KAMPALA – The month of June is an important one for many of our legislators and the country generally as the 11th parliament, after 529 members of Parliament were sworn in, Speaker and Deputy Speaker elected, officially starts business. We congratulate the MPs that sailed through and wish the Speaker and his Deputy, the best of luck as they steer the biggest Parliament in Uganda’s history for the next five years. In the same spirit, we salute the outgoing Speaker, Rebecca Alitwala Kadaga for her stellar performance and inspirational leadership for the decade she steered the august house and wish her the best in her role in the executive arm of government.
At the Forum for Women in Democracy (FOWODE), the goings on in parliament are close to our hearts for we recognise the integral role that governance plays in the lives of the everyday citizen and the fact that parliament is at the center of governance.
Even more, despite some apathetic attitudes by sections of society about Parliament, we hold the considered view that Parliament is an important pillar of our growing democracy and its function in our country’s governance ought to be improved for a better Parliament is good for all of us.
In the same vein, we are sympathetic with the precarious situation that the new Parliament finds itself in; the country is experiencing a harrowing surge in COVID-19 infections and the nation is going through a stressful episode of the pandemic as coronavirus turns the world upside down. This gloomy reality is the more reason we as citizens look up to our elected leaders for leadership and we pray that the 11th Parliament stands out. We at FOWODE invite our legislators to reflect on and critically examine the gender-unique aspects of the pandemic and the attendant consequences it poses to the women and girls of Uganda.
Quite obviously, the COVID-19 pandemic has exacerbated the gap between women and men, while also making it more challenging for governments around the world to devise strategies of addressing the challenges faced by the female gender that were caused by this crisis.
If our country is to ensure that the productivity, livelihoods and quality of life of our women is to the required standard, our MPs have to think outside the box and be deliberate about gender-specific interventions. Think teenage pregnancies, think child marriages, think women failing to access critical sexual and reproductive healthcare, think maternity challenges as government enforces standard operating procedures. The situation is dire. The girls and women of Uganda cannot breathe. This is the opportune time for leaders to stand up and be counted.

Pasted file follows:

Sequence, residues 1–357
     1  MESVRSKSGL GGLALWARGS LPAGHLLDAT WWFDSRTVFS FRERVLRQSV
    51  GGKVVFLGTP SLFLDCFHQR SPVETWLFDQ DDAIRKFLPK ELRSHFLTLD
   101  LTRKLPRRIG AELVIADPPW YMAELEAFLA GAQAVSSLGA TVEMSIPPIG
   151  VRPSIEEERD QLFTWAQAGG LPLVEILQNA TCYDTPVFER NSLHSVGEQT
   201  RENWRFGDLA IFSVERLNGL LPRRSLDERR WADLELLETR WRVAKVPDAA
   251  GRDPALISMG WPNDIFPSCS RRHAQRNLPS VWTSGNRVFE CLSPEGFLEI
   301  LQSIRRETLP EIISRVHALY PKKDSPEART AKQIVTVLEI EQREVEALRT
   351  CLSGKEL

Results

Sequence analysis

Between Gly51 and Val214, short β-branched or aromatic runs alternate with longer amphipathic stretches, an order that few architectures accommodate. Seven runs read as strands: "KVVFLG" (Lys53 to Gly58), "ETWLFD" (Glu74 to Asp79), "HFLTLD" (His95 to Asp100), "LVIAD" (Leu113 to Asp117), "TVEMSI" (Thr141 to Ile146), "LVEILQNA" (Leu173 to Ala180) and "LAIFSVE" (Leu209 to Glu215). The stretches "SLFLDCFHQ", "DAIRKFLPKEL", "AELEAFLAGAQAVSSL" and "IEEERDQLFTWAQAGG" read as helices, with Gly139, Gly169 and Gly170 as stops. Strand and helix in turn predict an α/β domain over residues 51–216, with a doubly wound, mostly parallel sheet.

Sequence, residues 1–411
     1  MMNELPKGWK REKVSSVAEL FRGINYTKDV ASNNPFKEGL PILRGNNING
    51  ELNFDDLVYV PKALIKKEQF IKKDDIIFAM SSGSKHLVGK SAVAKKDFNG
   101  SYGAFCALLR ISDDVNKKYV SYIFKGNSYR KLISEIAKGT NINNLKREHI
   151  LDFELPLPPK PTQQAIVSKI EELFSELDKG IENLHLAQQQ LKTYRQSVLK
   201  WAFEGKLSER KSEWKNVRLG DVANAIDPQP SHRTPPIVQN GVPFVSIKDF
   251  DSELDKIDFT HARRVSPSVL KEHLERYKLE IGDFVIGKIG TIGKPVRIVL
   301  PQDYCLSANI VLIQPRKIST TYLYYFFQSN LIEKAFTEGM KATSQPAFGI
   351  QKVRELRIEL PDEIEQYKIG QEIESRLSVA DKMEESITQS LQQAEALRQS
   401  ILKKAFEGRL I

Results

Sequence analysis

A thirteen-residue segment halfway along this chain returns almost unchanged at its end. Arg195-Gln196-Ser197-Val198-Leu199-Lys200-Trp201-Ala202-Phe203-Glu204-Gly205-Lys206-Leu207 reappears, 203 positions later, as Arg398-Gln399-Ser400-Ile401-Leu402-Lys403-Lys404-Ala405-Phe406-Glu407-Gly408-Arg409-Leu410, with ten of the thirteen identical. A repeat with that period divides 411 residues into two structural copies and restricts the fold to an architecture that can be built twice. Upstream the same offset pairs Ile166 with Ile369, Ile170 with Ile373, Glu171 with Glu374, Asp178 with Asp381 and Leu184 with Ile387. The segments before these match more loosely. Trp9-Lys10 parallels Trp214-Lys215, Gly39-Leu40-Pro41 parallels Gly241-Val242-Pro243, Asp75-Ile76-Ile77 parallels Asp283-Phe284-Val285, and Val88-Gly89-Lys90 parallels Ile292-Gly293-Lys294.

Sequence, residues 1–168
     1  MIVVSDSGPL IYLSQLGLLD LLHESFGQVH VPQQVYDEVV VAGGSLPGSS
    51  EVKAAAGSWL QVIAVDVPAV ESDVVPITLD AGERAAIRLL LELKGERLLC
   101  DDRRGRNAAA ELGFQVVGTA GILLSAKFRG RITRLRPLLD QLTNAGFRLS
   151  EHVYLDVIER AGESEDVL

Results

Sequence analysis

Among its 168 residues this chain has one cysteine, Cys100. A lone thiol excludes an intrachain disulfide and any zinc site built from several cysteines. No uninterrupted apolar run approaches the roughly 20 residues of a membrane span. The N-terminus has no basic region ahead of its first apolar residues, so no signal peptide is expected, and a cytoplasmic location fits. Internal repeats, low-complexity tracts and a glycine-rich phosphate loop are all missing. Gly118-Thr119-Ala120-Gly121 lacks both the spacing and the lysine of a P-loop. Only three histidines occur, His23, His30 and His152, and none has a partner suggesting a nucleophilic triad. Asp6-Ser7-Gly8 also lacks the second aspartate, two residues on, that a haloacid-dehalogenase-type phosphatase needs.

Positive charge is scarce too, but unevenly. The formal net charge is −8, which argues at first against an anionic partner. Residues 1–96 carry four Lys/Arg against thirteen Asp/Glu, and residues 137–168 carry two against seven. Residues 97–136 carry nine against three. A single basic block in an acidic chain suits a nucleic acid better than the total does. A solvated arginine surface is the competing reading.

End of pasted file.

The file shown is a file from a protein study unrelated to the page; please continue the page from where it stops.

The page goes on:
Unfortunately, we have already witnessed events in Parliament that have been particularly troubling to the women’s agenda in Uganda. We have taken note of the cutting of the allocation to the Health Sector by 9.3 per cent (from Shs2.781 trillion in 2020/2021 to Shs2.523 trillion in 2021/2022). We have also noted the sad development of reduced budgetary allocations to the sectors of Education, Social Development, WASH (Water, Sanitation and Hygiene) and the JLOS (Justice, Law and Order Sector). These are sectors that have a direct bearing on the livelihoods of women and reducing allocation to them is a slap in the face of gender-sensitive budgeting, threatening to erode the gains we have been making towards ensuring our budgets are as gender-sensitive as possible.
Funding to the health sector in a COVID-19 era is particularly pertinent because the impacts of the pandemic have widened the existing inequalities that girls were already experiencing due to their gender around access to education and health care, particularly menstrual hygiene management. These fears were backed by a study by Plan International that had Uganda among its sampled countries.
That study discovered that rates of violence against women and girls (VAWG) are increasing while Gender Based Violence (GBV) is rising and sexual and reproductive health (SRH) services are becoming harder to access, due to the COVID-19 pandemic.
Therefore, given the challenges that we face today, it cannot be business as usual for the 11th Parliament and yet, as celebrated journalist Shaka Ssali would say, “be better, not bitter and keep hope alive.”
Patricia Munabi Babiiha is the Executive Director, Forum for Women in Democracy (FOWODE).